Thursday, March 31, 2011

Thoughts on Emotional Geology by Linda Gillard

Emotional Geology (Ulverscroft General Fiction) Months ago I read a wonderful book called Star Gazing. Its author, Linda Gillard, lives on an island off Scotland and I soon became FB friends with her. Recently I learned she had a few copies left of her earlier book, Emotional Geology, so I bought one.

I don't know how many U.S. readers are familiar with Gillard's work, but I would encourage anyone who likes a deep love story (as opposed to what we all call romance) to find either of these books and read them.

Warning though, Emotional Geology is an intense experience. It's the story of Rose Leonard, a woman who has been hospitalized after breaking up with her lover of five years. He has left her for another woman and a less complicated life. Gavin was a mountain climber and Rose remembers how he loved climbing more than her, and how she was left behind to worry herself sick every time he took on another climbing challenge. She has a daughter who was a teenager at the time Gavin lived with them. Megan's point of view is different. She loved Gavin and saw him as her protector and the strong man who took care of her mother. You see, Rose is bipolar which has robbed Megan of her childhood.

Rose moves alone to an island a distance off of Scotland where the weather is harsh but there are no mountains except on a distant island. She is an artist and finds it impossible to work when she takes the dose of medications her doctor has ordered. They make her feel like a zombie. But she can't live without them either, so she tries to live on a smaller dose and pursue her textile art in quiet privacy.

Close neighbors become friends, especially Calum, a man with a past that makes him drink a bit too much. However, he's a poet and he's a successful schoolteacher as well. You can see where this is going. I loved Calum and suffered along with him in his trials and tribulations with Rose's illness. Megan comes for a visit which stirs things up to a boiling point.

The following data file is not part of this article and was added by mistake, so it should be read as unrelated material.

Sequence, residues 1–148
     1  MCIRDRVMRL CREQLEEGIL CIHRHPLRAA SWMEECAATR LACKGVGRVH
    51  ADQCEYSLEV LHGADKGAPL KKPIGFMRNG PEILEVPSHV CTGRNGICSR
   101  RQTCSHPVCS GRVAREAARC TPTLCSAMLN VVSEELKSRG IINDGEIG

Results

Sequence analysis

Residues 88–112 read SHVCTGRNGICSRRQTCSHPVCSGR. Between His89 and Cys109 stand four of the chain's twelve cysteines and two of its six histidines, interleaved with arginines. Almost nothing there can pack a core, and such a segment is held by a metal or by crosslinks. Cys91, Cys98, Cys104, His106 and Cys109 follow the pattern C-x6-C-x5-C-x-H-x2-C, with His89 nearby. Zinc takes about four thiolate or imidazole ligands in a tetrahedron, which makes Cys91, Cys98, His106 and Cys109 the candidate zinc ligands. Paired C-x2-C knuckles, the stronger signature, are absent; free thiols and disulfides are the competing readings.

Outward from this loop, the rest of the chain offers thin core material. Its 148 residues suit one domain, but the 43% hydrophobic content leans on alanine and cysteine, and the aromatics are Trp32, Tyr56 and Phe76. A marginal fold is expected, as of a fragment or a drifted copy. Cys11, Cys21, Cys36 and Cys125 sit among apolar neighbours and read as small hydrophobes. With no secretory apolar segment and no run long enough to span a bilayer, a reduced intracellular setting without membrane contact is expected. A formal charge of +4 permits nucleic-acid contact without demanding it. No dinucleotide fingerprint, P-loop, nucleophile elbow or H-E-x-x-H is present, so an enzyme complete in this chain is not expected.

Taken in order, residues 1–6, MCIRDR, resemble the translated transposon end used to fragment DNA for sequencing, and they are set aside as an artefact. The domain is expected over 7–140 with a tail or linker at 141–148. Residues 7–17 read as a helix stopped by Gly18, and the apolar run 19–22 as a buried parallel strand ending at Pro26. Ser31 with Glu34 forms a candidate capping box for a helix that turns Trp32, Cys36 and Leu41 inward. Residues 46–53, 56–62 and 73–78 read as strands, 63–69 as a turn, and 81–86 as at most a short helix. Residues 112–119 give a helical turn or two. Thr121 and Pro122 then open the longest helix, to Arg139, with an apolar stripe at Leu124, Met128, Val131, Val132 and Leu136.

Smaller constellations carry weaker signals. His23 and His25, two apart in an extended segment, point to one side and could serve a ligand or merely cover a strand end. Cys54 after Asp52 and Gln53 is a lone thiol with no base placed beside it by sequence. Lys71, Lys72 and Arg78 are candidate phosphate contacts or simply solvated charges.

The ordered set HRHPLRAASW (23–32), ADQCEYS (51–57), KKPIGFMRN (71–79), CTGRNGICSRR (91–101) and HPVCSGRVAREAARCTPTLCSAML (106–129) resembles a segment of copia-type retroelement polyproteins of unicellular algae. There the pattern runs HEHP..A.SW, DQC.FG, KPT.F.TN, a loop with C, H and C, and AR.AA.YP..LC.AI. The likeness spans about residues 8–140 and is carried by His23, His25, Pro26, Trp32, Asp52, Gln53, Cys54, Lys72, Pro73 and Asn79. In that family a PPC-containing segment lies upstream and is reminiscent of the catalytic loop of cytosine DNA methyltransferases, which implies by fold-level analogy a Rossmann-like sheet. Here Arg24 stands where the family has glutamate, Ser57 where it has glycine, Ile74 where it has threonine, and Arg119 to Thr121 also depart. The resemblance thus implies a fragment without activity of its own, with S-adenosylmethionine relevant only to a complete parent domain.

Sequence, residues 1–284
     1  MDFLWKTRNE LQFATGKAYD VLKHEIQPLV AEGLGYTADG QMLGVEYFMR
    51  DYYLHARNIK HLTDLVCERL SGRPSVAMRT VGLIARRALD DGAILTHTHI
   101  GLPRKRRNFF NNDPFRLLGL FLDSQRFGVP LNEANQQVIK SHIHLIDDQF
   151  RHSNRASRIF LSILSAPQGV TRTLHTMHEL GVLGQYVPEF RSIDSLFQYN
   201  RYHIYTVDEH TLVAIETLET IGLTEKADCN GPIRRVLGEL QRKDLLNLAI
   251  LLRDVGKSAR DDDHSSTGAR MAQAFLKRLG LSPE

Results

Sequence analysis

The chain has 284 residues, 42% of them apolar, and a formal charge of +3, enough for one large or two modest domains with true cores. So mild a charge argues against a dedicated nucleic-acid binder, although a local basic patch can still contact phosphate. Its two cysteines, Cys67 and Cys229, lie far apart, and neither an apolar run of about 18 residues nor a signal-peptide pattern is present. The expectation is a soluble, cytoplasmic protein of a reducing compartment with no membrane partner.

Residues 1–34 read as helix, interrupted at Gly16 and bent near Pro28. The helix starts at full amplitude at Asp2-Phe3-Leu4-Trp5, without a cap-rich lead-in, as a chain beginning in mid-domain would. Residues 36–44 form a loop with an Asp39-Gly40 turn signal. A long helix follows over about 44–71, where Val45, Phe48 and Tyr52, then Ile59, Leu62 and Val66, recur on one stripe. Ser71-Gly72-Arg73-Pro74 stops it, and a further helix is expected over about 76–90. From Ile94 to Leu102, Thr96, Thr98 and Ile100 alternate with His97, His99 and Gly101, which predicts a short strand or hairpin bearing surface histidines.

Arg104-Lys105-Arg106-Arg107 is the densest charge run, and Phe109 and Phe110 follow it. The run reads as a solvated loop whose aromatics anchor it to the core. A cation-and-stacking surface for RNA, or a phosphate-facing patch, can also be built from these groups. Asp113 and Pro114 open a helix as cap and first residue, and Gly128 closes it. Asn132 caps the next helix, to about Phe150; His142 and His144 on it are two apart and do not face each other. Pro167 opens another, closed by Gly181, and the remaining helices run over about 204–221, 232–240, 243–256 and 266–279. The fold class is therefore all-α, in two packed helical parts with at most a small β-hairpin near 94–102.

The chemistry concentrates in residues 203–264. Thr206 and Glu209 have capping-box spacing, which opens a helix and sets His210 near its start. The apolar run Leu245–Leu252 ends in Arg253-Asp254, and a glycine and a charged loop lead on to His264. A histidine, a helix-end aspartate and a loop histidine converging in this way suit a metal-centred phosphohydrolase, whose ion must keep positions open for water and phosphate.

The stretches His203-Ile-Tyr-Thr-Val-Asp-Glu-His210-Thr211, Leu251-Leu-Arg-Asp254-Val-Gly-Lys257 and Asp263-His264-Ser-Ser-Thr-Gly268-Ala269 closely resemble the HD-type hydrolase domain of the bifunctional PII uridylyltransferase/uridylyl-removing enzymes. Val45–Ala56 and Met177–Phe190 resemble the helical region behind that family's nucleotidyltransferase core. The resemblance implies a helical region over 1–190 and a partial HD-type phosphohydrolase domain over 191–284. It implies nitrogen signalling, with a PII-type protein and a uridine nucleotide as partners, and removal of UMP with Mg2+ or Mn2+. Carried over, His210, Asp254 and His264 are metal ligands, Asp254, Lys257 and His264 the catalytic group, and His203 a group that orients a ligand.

The setting is bleak according to Megan, but Rose finds it beautiful. She sees the different colors and textures in the landscape and the sea. Since I'm pretty much of a loner myself, the island and the cottage Rose lives in appealed to me. I did have to put the book aside occasionally; the emotional storm of Rose and Calum's relationship was hard to bear.

In short, I will keep this one and I may even go back to reread it sometime which is something I never, ever do.


  1. I want to reread this too. I loved it the first time, and know I will love it again!

  2. I'm glad you emphasized that it's a love story and not a romance, because I believe there's a difference between the two. I enjoy a good love story but generally don't enjoy romance. I know of Gillard's work, but haven't read any of it yet.

  3. Thank you for introducing me to a new author. That she's lived on Skye is just icing on the cake.

  4. Thank you, Barbara, for a great review. :-) I'm truly honoured that you think you might re-read! I do think it's a different book when you re-read because you know what all the characters are trying to hide.

    Bermudaonion - I'm about to publish an e-book on Amazon next week. A family drama called HOUSE OF SILENCE. Perhaps that might finally tempt you if you have a Kindle?...

    Cathy - I lived on Skye for 6 years and now I live much further south, on the Isle of Arran. I tried living in Glasgow for a while but decided I was really an island person.

  5. Thanks for all of your comments. I'm happy to bring attention to this wonderful book.